AAS 205th Meeting, 9-13 January 2005
Session 29 Planetary Systems and Origins of Planetary Bodies
Oral, Monday, January 10, 2005, 10:00-11:30am, Town and Country

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[29.01] The Origin of the Moon and Triton

F. M. Johnson (Cal State University Fullerton)

In 1879, George Darwin(1) had proposed that the moon originated from a rapidly spinning Earth on which equatorial gravitative attraction was nearly overcome by centrifical force. During a 1964 conference, D.U. Wise(2) and others analyzed this hypothesis in greater detail. However, recent studies warranted a fundamentally new approach with regards to the origin of the solar system.

A re-examination of the spin-off (fission) hypothesis of the moon from the earth, using slightly different assumptions than scientists had previously used (allowing for a more extreme version of an expanding earth), provided the earth’s original radius (357 km), density (3.13 x 104 g/cc) and spin rate (0.132 radians/sec.). It was found that Neptune underwent a similar development with the fission of Triton. The remarkably large initial densities, of both Earth and Neptune (7.2 x 105 gm/cc) are consistent with the overall theory(3,4) previously discussed regarding the evolution of the solar system from a neutron star type proto-sun’s dense core. The primary calculations involve conservation of angular momentum of each of the rotating and revolving planetary systems.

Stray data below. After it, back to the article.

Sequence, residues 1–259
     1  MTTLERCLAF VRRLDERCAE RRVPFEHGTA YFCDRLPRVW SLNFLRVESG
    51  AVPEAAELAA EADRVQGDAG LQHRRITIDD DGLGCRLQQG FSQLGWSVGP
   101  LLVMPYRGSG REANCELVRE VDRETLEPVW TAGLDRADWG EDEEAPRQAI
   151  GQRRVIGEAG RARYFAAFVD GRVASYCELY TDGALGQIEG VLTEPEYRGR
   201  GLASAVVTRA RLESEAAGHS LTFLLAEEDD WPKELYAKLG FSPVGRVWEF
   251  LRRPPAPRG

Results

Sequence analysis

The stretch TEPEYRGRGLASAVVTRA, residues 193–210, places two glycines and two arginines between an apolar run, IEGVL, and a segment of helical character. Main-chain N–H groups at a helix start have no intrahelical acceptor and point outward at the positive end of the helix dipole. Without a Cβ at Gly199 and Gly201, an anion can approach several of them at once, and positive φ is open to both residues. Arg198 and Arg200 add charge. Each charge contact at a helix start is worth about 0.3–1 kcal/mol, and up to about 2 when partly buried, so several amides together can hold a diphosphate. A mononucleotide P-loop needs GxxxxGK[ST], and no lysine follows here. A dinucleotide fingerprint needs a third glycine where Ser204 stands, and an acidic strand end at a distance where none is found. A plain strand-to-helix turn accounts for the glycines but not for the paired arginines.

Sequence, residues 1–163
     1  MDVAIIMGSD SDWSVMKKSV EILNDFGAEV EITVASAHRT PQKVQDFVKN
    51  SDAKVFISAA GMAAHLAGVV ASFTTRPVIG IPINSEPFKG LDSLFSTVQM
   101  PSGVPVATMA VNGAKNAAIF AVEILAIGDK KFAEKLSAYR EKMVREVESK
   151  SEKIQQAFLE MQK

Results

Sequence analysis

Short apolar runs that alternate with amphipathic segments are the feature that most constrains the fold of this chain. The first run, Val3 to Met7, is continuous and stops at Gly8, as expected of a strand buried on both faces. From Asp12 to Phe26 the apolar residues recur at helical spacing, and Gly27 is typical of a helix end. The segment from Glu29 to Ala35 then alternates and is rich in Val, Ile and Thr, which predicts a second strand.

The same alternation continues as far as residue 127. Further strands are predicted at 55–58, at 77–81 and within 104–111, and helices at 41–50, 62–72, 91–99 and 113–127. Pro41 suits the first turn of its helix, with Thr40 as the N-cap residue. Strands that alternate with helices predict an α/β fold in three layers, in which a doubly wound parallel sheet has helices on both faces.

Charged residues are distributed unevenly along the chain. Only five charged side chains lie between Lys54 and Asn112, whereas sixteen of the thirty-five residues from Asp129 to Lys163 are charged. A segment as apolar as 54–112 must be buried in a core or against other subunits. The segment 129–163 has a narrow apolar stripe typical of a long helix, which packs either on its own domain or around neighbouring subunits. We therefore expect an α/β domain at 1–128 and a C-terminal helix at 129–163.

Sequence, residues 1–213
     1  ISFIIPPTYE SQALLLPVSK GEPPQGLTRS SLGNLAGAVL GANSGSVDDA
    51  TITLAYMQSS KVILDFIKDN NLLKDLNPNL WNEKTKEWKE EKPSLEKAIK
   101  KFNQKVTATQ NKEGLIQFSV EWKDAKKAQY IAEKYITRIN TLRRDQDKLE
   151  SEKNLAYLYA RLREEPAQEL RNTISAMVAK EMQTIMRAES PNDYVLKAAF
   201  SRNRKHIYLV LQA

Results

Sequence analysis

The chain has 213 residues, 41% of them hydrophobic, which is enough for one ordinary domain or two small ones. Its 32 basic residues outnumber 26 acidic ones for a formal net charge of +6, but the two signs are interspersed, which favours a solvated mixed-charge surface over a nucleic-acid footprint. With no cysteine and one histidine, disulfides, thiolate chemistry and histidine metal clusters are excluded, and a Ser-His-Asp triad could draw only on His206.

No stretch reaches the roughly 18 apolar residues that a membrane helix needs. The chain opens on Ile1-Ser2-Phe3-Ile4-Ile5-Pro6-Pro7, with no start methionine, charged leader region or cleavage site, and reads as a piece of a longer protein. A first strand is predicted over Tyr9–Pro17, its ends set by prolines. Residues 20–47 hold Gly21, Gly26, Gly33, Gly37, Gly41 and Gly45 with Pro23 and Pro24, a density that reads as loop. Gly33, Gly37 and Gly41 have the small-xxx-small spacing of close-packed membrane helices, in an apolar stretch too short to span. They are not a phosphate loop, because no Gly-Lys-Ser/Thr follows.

(1) Darwin, G. H. Phil. Trans. Roy. Soc. (London) 170, 1 (1879)

(2) D.U. Wise, ``The Earth-Moon System” p. 213, Marsden and Cameron Eds. Plenum Press (1966)

(3) Fred M. Johnson, ``Voyage Into Astronomy”, Kendall/ Hunt Publ., (1977)

(4) Fred M. Johnson, Mem. Soc. Roy. des Sciences de Liége, 6th series, vol. III, p. 609-627 (1972).

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